Board is expected to consider initiating an addendum to implement regional allocation at its next meeting in March 2011.

For more information about summer flounder, scup, or black sea bass, please contact Toni Kerns, FMP Coordinator, at (703) 842-0740 or <tkerns@asmfc.org>.

     

Division issues snow goose conservation order


The NJDEP Division of Fish and Wildlife will again implement a Conservation Order (CO) in New Jersey for light geese during the winter/spring of 2011. A CO is a special management action that is needed to control certain wildlife populations when traditional management programs are unsuccessful in preventing overabundance of the population. The CO allows an extended time period and additional methods for taking light geese without bag limits.

The CO for light geese is authorized under the Migratory Bird Treaty Act with the intent to reduce and/or stabilize various light goose populations across North America. Negative impacts on wetland habitats have been measured on their breeding, staging and wintering areas. Serious damage to agriculture also occurs in migration and wintering areas. The intent of the light goose CO in Atlantic Flyway states is to reduce and ultimately stabilize the number of greater snow geese to the population objective of 500,000 birds.

Conservation Order Dates: February 16 - April 9, 2011, except Sundays. Light geese may not be pursued on Sundays during this period.

Credential requirements:

1. 2011 New Jersey Hunting License 2. 2010 Federal Migratory Bird Hunting and Conservation Stamp (NOTE: 2010 stamps are

valid until June 2011) 3. 2010 NJ Waterfowl Stamp (NOTE: 2010 stamps are valid until June, 2011) 4. NJ 2011 Light Goose Conservation Order Permit (Harvest Diary Sheet) (NOTE: A HIP

certification is NOT required)CO participants can obtain a permit in two ways:

Through the Division's license web site at www.wildlifelicense.com/nj/. Hunters will need their Conservation ID Number to enter the web page to obtain their CO permit; there is a $2.00 administrative fee. Hunters can only obtain their online permit through the Division's web page; hunters cannot obtain a CO permit through a license agent. Hunters will be able to print their permit on their home computer after completing the certification process. CO permits will be available in early January 2011 and be available through the duration of the CO.

Hunters who do not have internet access can have a permit mailed to them. To get a CO permit, send the documents below to the following address: NJ Division of Fish and Wildlife, Mail Code 501-03, PO Box 420, Trenton, NJ, 08625-0420, Attention: Light Goose Permit

1. Legible photocopy of 2011 Hunting or All-Around Sportsmen license which clearly shows the licensee's Conservation ID Number and date of birth.

2. Check or money order for $2.00 payable to the New Jersey Division of Fish and Wildlife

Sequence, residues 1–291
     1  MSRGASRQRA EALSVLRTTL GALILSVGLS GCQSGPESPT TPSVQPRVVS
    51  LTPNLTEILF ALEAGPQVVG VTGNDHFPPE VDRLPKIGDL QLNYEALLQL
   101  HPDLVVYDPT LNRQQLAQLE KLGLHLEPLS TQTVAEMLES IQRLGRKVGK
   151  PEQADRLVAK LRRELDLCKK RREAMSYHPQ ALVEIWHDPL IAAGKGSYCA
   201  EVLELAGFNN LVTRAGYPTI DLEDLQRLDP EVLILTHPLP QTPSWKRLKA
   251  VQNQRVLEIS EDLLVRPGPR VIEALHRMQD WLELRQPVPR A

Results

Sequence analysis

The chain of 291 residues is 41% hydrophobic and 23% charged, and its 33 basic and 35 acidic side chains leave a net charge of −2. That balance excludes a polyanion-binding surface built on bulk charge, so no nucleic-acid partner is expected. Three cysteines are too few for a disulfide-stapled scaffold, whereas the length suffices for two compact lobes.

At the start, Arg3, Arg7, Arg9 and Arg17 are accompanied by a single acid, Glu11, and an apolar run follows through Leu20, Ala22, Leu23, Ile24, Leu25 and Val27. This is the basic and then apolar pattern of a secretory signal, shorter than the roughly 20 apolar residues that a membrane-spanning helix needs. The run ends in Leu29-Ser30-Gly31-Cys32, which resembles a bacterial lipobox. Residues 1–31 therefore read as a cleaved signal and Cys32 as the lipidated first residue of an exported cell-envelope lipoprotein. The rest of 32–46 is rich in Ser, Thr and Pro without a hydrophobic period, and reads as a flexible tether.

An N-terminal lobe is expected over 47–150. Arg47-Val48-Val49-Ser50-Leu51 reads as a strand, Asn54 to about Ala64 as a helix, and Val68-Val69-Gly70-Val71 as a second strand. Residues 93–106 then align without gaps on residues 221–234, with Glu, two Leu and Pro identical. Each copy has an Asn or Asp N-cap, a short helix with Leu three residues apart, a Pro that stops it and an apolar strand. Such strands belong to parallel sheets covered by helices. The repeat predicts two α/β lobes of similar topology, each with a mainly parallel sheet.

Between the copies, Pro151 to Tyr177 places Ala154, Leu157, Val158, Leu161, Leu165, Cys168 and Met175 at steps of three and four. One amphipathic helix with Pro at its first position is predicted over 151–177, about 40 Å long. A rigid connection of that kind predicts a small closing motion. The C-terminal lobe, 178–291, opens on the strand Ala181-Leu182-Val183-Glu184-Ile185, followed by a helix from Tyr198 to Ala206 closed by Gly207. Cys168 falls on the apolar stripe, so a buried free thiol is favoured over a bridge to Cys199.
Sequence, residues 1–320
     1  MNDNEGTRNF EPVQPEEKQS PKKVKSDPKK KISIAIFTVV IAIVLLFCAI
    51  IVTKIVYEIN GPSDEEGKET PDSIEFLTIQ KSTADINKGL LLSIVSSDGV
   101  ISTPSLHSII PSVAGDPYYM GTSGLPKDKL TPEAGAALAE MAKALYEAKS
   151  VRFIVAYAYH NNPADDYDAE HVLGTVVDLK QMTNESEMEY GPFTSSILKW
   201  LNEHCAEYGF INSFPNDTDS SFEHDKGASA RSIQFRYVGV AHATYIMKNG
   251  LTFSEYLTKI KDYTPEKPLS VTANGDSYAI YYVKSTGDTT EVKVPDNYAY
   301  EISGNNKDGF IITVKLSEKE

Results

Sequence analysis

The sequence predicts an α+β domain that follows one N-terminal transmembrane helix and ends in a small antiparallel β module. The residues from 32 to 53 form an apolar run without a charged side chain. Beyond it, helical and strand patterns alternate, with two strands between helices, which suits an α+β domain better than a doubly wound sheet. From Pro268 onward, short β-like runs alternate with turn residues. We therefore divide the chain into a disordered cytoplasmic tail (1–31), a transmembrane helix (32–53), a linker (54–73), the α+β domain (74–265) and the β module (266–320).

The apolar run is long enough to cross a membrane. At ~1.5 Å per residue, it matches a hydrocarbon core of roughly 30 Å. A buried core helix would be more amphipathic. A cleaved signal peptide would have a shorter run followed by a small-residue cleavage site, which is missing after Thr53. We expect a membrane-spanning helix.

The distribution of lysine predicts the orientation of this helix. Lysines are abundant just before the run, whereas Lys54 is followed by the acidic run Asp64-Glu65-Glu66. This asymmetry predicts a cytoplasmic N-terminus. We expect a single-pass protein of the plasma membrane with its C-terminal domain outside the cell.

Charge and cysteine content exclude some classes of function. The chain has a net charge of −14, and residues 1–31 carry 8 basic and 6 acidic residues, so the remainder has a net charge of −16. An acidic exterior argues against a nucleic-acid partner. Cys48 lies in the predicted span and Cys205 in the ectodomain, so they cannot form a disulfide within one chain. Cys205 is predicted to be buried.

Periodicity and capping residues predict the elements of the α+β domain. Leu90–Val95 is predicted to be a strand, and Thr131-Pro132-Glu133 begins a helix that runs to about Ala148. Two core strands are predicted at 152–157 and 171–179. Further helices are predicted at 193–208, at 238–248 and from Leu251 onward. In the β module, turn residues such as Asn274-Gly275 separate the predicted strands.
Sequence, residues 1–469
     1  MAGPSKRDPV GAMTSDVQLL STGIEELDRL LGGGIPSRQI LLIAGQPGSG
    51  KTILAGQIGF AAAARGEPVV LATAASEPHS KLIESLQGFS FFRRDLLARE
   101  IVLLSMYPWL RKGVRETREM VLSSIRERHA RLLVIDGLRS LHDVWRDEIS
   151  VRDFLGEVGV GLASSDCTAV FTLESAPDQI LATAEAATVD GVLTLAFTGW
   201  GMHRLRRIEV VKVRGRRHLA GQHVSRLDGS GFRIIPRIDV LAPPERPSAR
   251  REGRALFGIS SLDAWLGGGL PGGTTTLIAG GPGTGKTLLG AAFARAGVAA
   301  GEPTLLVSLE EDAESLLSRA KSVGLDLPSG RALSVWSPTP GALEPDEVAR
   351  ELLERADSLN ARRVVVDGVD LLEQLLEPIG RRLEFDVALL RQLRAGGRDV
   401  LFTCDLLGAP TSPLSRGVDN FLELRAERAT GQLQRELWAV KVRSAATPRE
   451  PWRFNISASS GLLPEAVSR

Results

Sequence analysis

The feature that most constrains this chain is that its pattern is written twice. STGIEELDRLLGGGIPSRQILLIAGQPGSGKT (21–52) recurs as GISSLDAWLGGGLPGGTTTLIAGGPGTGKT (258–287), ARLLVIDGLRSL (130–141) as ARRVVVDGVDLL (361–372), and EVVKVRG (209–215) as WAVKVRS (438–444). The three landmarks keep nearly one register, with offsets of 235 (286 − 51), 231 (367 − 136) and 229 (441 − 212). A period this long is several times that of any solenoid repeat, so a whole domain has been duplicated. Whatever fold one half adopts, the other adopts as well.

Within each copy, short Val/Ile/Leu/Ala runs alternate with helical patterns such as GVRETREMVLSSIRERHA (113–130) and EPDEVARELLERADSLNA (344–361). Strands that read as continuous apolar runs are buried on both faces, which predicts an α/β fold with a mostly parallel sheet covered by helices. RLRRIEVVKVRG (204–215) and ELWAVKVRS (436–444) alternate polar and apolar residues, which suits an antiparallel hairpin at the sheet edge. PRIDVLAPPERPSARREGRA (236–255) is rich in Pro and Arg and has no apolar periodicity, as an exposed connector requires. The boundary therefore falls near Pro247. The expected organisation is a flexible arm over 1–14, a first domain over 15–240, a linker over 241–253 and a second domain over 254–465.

3. Self-addressed, stamped (44 cents) envelope. 4. Daytime telephone number

Location: Statewide. Firearms: Shotguns not larger than 10 gauge and capable of holding no more than 7 shells,

including magazine and chamber.

Ammunition: Nontoxic shot not to exceed Size T (0.200 inch) only. Nontoxic shot includes steel, bismuth, tungsten-iron, tungsten-polymer, tungsten-matrix, tungsten-nickel-iron (HEVI- SHOT), tungsten-iron-nickel-tin (TINT), tungsten-bronze and tungsten-tin-bismuth. Possession of lead shot is prohibited.

Electronic Calls Allowed: Yes Shooting Hours: 1⁄2 hour before sunrise to 1⁄2 hour after sunset Daily Bag and Possession Limit: None Legal Species: Greater snow geese, lesser snow geese, and Ross's geese.

Prohibited under Federal Regulations: Sale of birds or their plumage; from or by means, aid, or use of a sinkbox; from or by means, aid, or use of any motor vehicle, motor-driven land conveyance, or aircraft of any kind; from or by means of any motorboat or other craft having a motor attached, or any sailboat, unless the motor has been completely shut off and the sails furled, and its progress has ceased; by the use or aid of live birds as decoys; by means or aid of any motor-driven land, water, or air conveyance, or any sailboat used for the purpose of or resulting in the concentrating, driving, rallying, or stirring up of light geese; by the aid of baiting.

These Federal regulations are further defined on page 2 of the 2010-2011 NJ Migratory Bird Regulations (pdf, 255kb) and at www.njfishandwildlife.com/pdf/waterfowl_federal_regs.pdf (pdf, 34kb).

Reporting Requirements: Use the diary table that you received as your Light Goose Conservation Order Permit to record your activity during the CO. For each day you pursued geese, record the date, county, number of geese you harvested (even if you harvested zero geese), number of geese you knocked down but were unable to retrieve, and number of geese you harvested with the first 3 shells in the firearm.

In addition, indicate if any of the geese you took were harvested using special methods including: